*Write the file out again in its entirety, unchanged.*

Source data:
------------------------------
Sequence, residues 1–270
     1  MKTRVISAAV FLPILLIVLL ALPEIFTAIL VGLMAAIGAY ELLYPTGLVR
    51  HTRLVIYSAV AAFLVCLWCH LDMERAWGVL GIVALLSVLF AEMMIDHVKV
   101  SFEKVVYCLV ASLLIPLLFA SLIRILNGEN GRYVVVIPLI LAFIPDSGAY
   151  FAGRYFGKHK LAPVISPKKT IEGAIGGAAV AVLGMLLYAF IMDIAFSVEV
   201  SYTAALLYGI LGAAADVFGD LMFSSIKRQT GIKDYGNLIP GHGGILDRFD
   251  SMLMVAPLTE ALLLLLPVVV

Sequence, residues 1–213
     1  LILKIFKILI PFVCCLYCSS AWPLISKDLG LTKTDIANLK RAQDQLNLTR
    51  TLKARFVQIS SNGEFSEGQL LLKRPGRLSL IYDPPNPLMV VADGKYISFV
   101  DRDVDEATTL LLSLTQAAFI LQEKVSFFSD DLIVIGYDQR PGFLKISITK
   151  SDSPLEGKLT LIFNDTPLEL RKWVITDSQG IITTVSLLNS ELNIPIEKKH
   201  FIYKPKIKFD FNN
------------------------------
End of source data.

Sequence, residues 1–270
     1  MKTRVISAAV FLPILLIVLL ALPEIFTAIL VGLMAAIGAY ELLYPTGLVR
    51  HTRLVIYSAV AAFLVCLWCH LDMERAWGVL GIVALLSVLF AEMMIDHVKV
   101  SFEKVVYCLV ASLLIPLLFA SLIRILNGEN GRYVVVIPLI LAFIPDSGAY
   151  FAGRYFGKHK LAPVISPKKT IEGAIGGAAV AVLGMLLYAF IMDIAFSVEV
   201  SYTAALLYGI LGAAADVFGD LMFSSIKRQT GIKDYGNLIP GHGGILDRFD
   251  SMLMVAPLTE ALLLLLPVVV

Sequence, residues 1–213
     1  LILKIFKILI PFVCCLYCSS AWPLISKDLG LTKTDIANLK RAQDQLNLTR
    51  TLKARFVQIS SNGEFSEGQL LLKRPGRLSL IYDPPNPLMV VADGKYISFV
   101  DRDVDEATTL LLSLTQAAFI LQEKVSFFSD DLIVIGYDQR PGFLKISITK
   151  SDSPLEGKLT LIFNDTPLEL RKWVITDSQG IITTVSLLNS ELNIPIEKKH
   201  FIYKPKIKFD FNN